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Keynote Nuclear: A Perspective on Development in NDE to Enable a Safe & Reliable Nuclear Power IndustryBaldev Raj and T.Jayakumar
Indira Gandhi Centre for Atomic Research, Kalpakkam 603102, India.
After giving a brief introduction to the directions of growth in NDE in nuclear industry in general, a few developments and applications of conventional and advanced non destructive evaluation methodologies for inspection of a few important components of Indian nuclear reactor systems for their safe and reliable performance are discussed. Special NDE techniques developed for on-line and off-line inspection of end cap welds, bearing pad welds and spacer pad welds of fuel bundles of pressurised heavy water reactors (PHWR), fuel cladding tubes for fast breeder reactor (FBR), inspection of ferromagnetic tubes of heat exchangers and steam generators, and tube to tube sheet weld joints of steam generators of FBR are some of the examples given in this paper. NDE procedures have been successfully developed and implemented for unique problems such as detection and location of leaks in pressure tubes and end shield of PHWR, for inspection of coolant channel systems of PHWR, core shrouds and feed water nozzles of boiling water reactors and ring beam of containment building of PHWR. The trends in NDE towards development and implementation of data fusion concepts, knowledge based systems, artificial intelligence, robotics intelligent processing and life extension methodologies are highlighted in the paper.
Keywords: Nuclear, inspection, life assessment, Non destructive evaluation (NDE), intelligent processing of materials (IPM)
Stringent safety requirement of nuclear industry is the primary driving force for the development of NDE science and technology. Over the years, a number of NDE techniques have been developed and implemented in nuclear industry for pre service and in service inspection requirements as per the specified codes, standards and procedures. Continuous developments are taking place in development and utilization of automated devices and robots to cut down costs and man rem consumption and also for inspection in inaccessible areas. Efforts are being made to use increasingly the probability of detection (POD) concepts consequent to the experience with the evaluation of defects in Sizewell reactor. Efforts are being made for getting general agreement on the use of POD concepts for quantitative defect evaluation in nuclear systems.
An area of rapid development taking place is the use of simulations and solutions to inverse problems for comprehensive defect characterisation, as this approach reduces the demand on the necessity for large scale mock ups and the cost and time for in service inspection and life management would be considerably reduced. With the growing demand for life assessment and extension of plants without compromising the safety, comprehensive defect characterisation using signal and image processing approaches and evaluation of changes in microstructures and residual stresses in components and structures have become essential. Extensive efforts are being made to develop NDE methodologies to meet these demands. While pockets of excellence in development and application of NDE techniques exists with different groups internationally, there is a necessity to bring synergism among these groups for the benefit of overall international community in the nuclear industry. The forums such as Asia-Pacific Conference on NDT, International Committee on NDT and World Federation of NDT Centres should take up this issue. In this paper, the developments and applications of NDE techniques in the Indian nuclear industry are highlighted.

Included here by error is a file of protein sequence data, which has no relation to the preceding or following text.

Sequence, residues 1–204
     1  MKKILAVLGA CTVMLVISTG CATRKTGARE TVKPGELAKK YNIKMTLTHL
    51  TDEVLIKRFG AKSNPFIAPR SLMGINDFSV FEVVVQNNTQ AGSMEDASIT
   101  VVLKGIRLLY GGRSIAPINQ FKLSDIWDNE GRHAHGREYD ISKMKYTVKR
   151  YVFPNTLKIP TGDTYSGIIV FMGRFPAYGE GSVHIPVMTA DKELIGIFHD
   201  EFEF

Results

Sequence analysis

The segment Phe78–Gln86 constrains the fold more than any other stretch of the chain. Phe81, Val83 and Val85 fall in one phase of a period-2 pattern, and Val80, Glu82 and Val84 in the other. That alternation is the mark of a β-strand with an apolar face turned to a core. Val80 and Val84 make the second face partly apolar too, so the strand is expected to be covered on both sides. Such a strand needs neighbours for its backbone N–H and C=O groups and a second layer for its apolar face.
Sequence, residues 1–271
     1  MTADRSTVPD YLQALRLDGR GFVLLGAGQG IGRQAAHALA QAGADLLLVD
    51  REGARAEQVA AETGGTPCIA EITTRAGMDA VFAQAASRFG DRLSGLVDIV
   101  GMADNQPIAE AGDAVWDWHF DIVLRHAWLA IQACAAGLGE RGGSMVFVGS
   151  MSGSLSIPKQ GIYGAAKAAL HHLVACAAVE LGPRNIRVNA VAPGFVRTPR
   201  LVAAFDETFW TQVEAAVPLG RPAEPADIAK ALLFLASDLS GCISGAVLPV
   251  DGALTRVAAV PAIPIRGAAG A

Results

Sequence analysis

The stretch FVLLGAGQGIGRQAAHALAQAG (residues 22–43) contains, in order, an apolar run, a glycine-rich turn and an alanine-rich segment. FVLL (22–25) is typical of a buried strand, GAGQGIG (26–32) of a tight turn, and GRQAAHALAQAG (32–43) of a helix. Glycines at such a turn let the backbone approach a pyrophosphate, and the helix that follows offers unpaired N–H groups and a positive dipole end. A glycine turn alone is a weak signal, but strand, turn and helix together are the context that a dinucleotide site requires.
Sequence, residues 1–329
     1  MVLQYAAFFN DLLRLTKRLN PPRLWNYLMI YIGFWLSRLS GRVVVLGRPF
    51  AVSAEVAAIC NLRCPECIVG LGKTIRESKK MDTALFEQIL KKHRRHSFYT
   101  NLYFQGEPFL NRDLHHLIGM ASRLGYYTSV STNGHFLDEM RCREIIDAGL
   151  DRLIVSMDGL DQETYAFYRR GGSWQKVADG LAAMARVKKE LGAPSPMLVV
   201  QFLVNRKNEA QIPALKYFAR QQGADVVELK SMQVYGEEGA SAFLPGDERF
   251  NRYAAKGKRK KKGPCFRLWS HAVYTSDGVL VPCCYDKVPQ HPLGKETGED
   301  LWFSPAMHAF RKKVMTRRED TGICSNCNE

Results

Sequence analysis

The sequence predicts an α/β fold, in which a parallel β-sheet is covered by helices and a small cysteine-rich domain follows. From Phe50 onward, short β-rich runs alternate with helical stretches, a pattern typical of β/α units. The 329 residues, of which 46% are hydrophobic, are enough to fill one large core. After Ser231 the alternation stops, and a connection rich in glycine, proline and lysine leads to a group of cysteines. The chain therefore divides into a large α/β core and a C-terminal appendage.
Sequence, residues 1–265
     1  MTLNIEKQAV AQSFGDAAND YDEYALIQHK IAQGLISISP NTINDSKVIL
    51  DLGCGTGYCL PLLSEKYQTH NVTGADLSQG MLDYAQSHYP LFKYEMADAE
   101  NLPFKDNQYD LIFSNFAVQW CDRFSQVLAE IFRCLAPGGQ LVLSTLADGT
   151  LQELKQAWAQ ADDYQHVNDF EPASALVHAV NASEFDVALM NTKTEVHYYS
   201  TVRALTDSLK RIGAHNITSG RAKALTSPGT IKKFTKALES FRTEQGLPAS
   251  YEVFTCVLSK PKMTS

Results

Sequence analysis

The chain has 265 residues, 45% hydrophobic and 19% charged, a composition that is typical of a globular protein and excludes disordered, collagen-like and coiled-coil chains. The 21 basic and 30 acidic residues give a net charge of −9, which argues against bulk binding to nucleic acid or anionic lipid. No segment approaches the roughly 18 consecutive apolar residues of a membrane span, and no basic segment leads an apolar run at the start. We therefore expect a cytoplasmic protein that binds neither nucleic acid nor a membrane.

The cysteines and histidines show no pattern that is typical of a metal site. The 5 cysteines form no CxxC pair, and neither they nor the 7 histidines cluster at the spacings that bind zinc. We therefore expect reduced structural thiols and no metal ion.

The NDE technology has advanced considerably in India, in tune with the trend world over to meet the stringent requirements in ensuring the quality of fabricated components and reliable performance of plant components in service in nuclear industry to ensure safety and reliability. Conventional and advanced NDE techniques and procedures including special sensors, instrumentation and software for signal analysis and image processing have been developed in-house to improve the sensitivity and reliability for quantitative characterization of defects and leak detection and the requisite expertise has been established. Special NDE techniques developed for on-line and off-line inspection of end cap welds, bearing pad welds and spacer pad welds of fuel bundles of pressurised heavy water reactors (PHWR), fuel cladding tubes for fast breeder reactor (FBR), inspection of ferromagnetic tubes of heat exchanges and steam generators, and tube to tube sheet weld joints of steam generators of FBR are some of the examples that would be presented in the paper to demonstrate the challenging demands met by the NDE experts. NDE procedures successfully developed and implemented for unique problems such as detection and location of leaks in pressure tubes and end shield of PHWR, for inspection of coolant channel systems of PHWR, core shrouds and feed water nozzles of boiling water reactors and ring beam of containment building of PHWR would also be discussed. The trends in NDE towards development and implementation of data fusion, knowledge based systems, artificial intelligence, robotics, intelligent processing and life extension methodologies are also highlighted. Even though, extensive studies have also been carried out on developing NDE methodologies for evaluation of microstructures, creep and fatigue damage in different structural materials of interest to nuclear industry (Baldev Raj and Jayakumar, 1999), due to paucity of space, these aspects are not discussed in this paper.